I confirmed a booking for a wedding! This has been bubbling for a little while. Through this fine website, I was contacted by a couple living in America who are already legally married. They’re planning a wedding in October in a rather lovely hotel called Barnabrow House in East Cork, near the groom’s home town. I’ll be sharing all the details with you as they evolve. We’re being optimistic that everything will happen as planned – we’re daring to dream.

This is a picture of Barnabrow House in Midleton, East Cork, where I’m planning to deliver an autumn wedding ceremony.
Photo Credit: Barnabrow House

Thursday – Virtual Vow Renewal

Amazing how all your ships come in at once. I made an arrangement to do a virtual vow renewal in early June. I’ll be at my home near the sea in Tramore, Co. Waterford, and this couple will be in a forest clearing in West Cork with their children, many miles away. But my ceremonial words will reach them through the magic of Zoom.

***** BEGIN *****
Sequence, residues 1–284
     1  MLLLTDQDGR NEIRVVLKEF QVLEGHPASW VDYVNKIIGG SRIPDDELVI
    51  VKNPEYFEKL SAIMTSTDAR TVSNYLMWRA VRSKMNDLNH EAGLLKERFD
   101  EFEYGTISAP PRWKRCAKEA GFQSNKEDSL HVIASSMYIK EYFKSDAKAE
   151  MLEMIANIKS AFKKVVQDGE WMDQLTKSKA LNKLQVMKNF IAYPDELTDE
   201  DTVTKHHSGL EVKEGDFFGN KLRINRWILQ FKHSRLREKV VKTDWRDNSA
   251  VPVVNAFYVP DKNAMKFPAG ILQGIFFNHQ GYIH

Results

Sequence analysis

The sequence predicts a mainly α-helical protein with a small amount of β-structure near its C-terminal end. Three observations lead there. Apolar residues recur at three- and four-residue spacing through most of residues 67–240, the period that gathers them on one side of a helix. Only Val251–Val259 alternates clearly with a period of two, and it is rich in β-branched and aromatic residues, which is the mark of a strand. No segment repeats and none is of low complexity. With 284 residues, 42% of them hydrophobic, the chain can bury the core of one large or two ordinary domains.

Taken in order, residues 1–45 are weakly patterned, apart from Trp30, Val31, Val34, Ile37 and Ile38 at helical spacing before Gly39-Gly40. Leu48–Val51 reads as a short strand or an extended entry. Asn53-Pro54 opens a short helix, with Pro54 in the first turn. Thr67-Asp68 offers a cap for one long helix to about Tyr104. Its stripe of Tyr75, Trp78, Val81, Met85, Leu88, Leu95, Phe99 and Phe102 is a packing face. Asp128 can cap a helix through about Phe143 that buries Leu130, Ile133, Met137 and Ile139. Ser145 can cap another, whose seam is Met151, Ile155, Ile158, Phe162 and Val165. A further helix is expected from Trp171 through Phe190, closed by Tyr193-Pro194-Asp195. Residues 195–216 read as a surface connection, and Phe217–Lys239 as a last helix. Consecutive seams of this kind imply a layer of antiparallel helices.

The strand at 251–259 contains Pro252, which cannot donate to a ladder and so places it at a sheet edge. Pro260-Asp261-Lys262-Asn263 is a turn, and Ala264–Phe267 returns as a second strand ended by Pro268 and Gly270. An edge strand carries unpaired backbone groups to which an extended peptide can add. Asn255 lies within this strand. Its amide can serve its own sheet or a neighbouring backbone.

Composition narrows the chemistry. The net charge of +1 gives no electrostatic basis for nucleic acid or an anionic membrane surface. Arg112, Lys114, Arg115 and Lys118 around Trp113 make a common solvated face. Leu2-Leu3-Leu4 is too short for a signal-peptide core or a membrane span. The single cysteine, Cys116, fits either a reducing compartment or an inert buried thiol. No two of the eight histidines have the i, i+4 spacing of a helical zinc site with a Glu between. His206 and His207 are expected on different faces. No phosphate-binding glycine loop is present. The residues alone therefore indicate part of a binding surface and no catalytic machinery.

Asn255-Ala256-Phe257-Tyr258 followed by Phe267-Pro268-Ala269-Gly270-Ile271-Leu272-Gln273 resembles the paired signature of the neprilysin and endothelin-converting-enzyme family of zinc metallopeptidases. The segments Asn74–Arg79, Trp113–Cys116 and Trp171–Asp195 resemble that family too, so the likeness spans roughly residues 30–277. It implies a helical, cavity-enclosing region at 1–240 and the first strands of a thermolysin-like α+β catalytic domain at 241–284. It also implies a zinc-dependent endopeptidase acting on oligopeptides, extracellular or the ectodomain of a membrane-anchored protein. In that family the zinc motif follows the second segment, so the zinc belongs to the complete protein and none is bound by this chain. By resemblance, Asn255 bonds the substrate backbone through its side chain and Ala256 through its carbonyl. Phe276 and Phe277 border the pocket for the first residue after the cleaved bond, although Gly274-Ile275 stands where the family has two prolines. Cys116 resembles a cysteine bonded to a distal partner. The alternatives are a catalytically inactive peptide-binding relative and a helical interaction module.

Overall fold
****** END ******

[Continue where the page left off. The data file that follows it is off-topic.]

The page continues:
Friday – Guest Blog Post Day

Friday 1 May is the schedule date for my blog post on The Celebrant Directory. I’ll have access to zillions of eyeballs on this site, which is an international directory of celebrants. It also offers marketing tips and inspiration to celebrants. I’m hoping that my post, a shinier version of the post I wrote for this blog about legal wedding ceremonies in Ireland, will add to that vibe of inspiration. I’ll stick up a link to it on this blog tomorrow so you won’t miss it.

If you are missing a chance to celebrate big occasions with your family, I’d love to help you find ways around it. These special moments deserve to be marked, and planning a celebration will give you something to look forward to. You can email me on info@celebrantderv.ie or call 087 6959799.

How To Add Spirituality To Your Non-Religious Ceremony